by Mott the Dog
***** 5 Stars Rating
Definitely one of the wackiest albums ever recorded,
every track is an absolute corker. The whole album was put onto tape in 5
days of madness at Advisions Studios London.
For the sessions Guy Stevens, the band’s original
mentor, was brought back after not being at the controls for the band’s
previous album “Wildlife” (which the band themselves had already
dubbed mildlife). Guy arrived at the studio with engineer Andy Johns, who
was feeling no pain having just come away from the Rolling Stones, armed
with a case of Vino Calapso and dressed as Zoro with cape, mask and sword,
insisting the tracks were all laid down in one take. “Brain Capers”
(featuring the Brain Caper Kids) as the album became known, had an amazing
atmosphere with last gasp energy capturing Mott in a wild and manic mood,
predating punk rock; the overall feel of Brain Capers was barely
controlled chaos, but it remains a brilliant and crucial album.
Once described as the great lost hard rock L.P. of all time, the record
drew a line in the sand between sixties and seventies music (recorded in
1971 six months before Bowie gave Mott “All The Young Dudes”)
revealing almost everything called rock and the subsequent punk movement
six years later to be nothing short of fraudulent. After just one listen
to this album you can clearly hear where “The Sex Pistols” and “The
Damned” got their influences.
Opening track “Death May Be Your Santa Claus” is a
pounding rocker with fearsome guitars, wailing organ, a catchy hook, and
carrying a trademark message of defiance.
Tracks two and three were imaginative and tasteful
cover versions of Dion Dimuccis’ auto biographical anti drug song
“Your Own Backyard” and the Young Bloods neglected classic “Darkness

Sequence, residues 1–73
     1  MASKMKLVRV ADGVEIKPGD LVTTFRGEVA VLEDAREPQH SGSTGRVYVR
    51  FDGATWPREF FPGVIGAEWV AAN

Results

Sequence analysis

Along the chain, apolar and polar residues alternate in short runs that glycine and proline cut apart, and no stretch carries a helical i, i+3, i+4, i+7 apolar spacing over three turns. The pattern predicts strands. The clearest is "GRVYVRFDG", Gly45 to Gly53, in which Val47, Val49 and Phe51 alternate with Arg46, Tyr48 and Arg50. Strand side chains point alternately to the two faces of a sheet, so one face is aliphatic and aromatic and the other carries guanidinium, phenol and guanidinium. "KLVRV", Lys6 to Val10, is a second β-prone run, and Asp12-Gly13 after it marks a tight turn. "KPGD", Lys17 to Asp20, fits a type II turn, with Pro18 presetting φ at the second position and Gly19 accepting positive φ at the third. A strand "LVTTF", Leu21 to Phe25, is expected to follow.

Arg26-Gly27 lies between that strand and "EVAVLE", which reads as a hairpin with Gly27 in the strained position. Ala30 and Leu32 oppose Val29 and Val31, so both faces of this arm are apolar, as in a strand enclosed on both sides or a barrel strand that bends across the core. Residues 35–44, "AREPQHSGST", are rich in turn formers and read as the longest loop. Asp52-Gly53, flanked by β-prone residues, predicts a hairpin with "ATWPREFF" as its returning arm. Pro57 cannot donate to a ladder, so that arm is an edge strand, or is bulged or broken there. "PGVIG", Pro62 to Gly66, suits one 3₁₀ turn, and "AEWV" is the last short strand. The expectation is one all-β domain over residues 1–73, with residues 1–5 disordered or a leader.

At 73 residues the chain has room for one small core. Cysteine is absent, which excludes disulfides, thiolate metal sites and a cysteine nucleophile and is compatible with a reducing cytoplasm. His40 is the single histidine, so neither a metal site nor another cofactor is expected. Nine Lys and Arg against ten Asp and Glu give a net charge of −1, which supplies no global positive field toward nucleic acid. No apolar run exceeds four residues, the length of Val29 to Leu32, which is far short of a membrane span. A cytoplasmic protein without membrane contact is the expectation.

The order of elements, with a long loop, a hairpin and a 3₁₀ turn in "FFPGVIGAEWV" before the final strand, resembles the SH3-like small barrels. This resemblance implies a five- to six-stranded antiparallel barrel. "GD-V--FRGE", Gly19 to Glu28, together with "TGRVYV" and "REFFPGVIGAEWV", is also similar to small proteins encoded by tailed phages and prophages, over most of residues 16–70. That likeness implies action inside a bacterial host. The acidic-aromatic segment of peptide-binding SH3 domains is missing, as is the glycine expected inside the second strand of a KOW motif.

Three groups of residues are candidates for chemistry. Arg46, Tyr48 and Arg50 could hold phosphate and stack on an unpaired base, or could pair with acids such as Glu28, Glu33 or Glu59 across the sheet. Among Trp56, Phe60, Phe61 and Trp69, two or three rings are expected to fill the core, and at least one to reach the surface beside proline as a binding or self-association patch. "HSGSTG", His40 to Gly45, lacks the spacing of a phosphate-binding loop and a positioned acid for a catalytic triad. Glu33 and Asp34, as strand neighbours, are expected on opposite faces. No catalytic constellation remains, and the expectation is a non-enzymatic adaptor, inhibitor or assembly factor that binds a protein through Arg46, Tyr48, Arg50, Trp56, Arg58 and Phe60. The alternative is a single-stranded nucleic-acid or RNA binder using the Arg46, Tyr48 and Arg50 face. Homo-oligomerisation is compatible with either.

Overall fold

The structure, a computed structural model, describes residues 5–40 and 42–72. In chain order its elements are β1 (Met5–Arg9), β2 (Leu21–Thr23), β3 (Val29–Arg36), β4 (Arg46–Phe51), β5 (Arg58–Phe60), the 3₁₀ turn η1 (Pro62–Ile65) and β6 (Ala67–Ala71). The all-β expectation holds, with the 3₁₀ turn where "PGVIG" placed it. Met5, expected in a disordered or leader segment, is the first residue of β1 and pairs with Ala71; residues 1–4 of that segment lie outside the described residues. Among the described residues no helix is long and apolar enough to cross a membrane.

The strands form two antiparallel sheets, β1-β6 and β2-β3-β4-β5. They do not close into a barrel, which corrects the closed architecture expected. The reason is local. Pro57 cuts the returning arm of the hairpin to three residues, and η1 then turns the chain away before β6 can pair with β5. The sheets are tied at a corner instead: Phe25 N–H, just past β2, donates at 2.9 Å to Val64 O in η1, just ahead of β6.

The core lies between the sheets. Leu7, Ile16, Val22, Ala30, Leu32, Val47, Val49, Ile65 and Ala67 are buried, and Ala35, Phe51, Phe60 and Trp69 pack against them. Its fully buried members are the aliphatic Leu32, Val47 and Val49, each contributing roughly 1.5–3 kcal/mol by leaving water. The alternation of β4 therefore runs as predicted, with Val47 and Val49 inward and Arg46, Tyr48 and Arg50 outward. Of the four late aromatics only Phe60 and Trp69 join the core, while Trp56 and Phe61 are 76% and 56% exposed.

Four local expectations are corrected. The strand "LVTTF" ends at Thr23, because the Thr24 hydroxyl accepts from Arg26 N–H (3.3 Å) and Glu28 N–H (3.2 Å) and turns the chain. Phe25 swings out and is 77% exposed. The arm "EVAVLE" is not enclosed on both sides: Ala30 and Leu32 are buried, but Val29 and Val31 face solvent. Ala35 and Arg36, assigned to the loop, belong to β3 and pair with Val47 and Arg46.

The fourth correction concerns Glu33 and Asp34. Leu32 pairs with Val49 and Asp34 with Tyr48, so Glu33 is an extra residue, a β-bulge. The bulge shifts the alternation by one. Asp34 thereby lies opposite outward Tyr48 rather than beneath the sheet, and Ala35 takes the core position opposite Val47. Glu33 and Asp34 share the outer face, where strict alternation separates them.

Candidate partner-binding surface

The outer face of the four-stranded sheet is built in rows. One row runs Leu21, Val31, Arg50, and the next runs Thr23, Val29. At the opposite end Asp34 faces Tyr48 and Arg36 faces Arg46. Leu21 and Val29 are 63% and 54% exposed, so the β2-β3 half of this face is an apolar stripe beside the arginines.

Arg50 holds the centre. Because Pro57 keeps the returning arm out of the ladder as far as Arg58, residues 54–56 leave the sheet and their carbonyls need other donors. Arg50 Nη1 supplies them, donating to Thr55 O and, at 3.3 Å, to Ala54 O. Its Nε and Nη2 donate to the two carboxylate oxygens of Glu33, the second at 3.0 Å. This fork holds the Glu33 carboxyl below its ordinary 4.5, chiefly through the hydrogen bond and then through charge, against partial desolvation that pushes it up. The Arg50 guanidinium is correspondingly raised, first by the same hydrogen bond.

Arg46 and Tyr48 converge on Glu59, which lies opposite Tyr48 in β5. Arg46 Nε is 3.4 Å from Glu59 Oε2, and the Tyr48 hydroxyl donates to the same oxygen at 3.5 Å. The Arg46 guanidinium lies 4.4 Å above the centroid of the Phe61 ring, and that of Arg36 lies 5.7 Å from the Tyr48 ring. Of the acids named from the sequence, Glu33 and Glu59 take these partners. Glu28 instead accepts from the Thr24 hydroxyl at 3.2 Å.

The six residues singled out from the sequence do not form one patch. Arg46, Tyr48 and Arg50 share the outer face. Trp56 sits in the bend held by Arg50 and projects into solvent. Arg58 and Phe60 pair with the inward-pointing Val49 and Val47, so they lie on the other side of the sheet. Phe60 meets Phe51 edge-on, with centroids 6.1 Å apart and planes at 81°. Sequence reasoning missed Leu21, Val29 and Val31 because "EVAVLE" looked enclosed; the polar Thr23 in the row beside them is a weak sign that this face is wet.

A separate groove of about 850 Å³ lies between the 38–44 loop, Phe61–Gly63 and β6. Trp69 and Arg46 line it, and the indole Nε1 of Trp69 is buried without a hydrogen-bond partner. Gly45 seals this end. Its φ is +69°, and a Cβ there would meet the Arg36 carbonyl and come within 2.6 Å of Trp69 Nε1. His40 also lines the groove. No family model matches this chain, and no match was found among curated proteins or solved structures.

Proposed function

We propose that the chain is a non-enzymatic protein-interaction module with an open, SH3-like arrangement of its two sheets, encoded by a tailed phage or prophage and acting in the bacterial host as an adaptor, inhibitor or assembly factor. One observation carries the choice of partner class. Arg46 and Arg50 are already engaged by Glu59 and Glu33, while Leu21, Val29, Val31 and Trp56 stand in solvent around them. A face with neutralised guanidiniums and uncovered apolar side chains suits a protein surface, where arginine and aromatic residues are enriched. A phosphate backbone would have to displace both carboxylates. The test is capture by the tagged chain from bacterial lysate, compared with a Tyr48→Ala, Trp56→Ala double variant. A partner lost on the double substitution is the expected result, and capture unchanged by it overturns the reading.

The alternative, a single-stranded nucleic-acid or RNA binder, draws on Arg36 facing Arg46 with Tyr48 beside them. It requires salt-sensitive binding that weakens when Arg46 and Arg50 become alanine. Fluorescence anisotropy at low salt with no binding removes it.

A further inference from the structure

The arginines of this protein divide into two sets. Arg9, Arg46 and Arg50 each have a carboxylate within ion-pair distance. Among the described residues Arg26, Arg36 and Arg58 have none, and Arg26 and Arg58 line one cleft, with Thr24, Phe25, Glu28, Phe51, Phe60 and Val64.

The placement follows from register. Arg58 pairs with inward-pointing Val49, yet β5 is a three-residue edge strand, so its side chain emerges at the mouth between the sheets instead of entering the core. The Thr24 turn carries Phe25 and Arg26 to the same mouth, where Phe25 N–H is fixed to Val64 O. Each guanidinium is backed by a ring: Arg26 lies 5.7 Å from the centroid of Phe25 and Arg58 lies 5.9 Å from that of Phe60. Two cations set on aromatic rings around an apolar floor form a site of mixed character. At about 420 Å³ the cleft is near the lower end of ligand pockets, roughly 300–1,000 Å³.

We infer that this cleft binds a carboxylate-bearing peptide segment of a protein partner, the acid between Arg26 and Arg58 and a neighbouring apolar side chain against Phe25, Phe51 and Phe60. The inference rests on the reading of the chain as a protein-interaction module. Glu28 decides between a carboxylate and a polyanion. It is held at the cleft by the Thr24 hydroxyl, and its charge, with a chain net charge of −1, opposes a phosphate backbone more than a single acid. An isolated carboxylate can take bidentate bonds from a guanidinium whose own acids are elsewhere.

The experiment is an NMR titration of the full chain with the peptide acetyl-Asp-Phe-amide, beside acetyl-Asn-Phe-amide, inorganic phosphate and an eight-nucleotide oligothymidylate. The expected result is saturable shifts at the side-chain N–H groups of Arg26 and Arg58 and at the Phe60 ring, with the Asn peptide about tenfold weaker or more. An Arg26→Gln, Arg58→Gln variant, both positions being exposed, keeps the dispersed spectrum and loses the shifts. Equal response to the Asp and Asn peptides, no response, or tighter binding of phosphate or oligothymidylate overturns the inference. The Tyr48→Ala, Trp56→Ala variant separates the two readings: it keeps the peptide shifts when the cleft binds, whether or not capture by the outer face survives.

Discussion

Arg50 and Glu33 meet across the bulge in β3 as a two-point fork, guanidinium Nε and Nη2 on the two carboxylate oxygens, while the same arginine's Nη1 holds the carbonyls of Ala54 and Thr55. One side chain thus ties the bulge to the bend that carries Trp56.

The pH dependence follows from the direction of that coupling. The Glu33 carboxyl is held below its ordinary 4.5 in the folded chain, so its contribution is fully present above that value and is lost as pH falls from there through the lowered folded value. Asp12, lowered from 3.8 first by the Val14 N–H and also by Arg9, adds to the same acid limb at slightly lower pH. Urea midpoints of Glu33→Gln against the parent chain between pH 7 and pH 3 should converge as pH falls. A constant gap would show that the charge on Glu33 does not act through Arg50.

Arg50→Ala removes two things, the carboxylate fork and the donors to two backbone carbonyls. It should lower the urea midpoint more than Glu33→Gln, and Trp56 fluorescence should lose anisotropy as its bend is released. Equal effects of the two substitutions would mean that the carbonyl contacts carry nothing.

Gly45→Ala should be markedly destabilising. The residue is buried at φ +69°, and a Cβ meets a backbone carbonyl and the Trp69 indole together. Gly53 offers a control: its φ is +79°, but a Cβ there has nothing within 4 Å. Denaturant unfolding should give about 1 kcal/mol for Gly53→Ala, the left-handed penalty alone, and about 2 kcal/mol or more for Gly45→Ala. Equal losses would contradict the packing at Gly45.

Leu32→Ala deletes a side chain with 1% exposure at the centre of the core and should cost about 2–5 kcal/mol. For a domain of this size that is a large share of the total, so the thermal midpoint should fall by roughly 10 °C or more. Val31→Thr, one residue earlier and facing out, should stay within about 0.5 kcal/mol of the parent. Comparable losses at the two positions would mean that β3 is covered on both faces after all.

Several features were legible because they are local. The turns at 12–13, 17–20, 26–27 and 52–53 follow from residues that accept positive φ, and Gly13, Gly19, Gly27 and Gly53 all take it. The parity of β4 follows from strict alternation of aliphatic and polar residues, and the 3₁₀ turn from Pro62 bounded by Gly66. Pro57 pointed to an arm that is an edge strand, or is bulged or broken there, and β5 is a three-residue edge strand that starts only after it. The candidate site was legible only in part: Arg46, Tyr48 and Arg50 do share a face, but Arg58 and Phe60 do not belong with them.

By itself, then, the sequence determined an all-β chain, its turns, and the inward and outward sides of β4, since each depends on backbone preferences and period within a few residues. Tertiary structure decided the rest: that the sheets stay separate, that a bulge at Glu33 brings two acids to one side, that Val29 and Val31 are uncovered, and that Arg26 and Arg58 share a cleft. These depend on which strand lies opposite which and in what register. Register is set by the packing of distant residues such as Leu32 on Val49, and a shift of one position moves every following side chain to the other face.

Darkness” featuring Mick Ralphs on vocals and contained some excellent
guitar. Mott had the panache to re-interpret other writers’ material
with feeling and understanding.
“The Journey”, a sad, introspective, masterful
ballad some eight minutes long, was Mott’s equivalent of Zeppelin’s
“Stairway To Heaven”, building to a dramatic conclusion. The Journey
started life as a poem, before becoming the central piece of Mott’s
stage act, demonstrating Hunter is a writer who has made a major
contribution to rock music. The song was also a personal favorite of
Verden Allen, whose keyboard playing excelled throughout Brain Capers most
notably on this opus.
“Sweet Angeline” is a brilliant all out rocker,
with Hunter adopting Dylanesque vocals, and is still in his solo live set
“Second Love” was Verden Allen’s first song
recorded by Mott the Hoople and fair plucks at the old heartstrings.
The penultimate track “The Moon Upstairs” is one of
the most powerful tracks that Mott ever recorded. The song was
unquestionably six years ahead of its time being a frightening “New
Wave” fuzz tone premonition that musically and lyrically rendered late
seventies “Punk Rock” tone clumsy, and lacking in any real substance.
Brian Capers coda was a two minute instrumental piece
named “The Wheel Of The Quivering Meat Conception” which was actually
nothing more than the climax from a frantic jam from one of the sessions
from “The Journey” - a fine way to close the album.
Ian Hunter - Vocals, Guitar & Piano
Mick Ralphs - Vocals & Lead Guitar
Verden Allen - Keyboards
Overand Watts - Bass
Buffin - Drums
1. Death May Be Your Santa Claus
2. Your Own Backyard
3. Darkness Darkness
4. The Journey
5. Sweet Angeline
6. Second Love
7. The Moon Upstairs
8. The Wheel Of The Quivering Meat Conception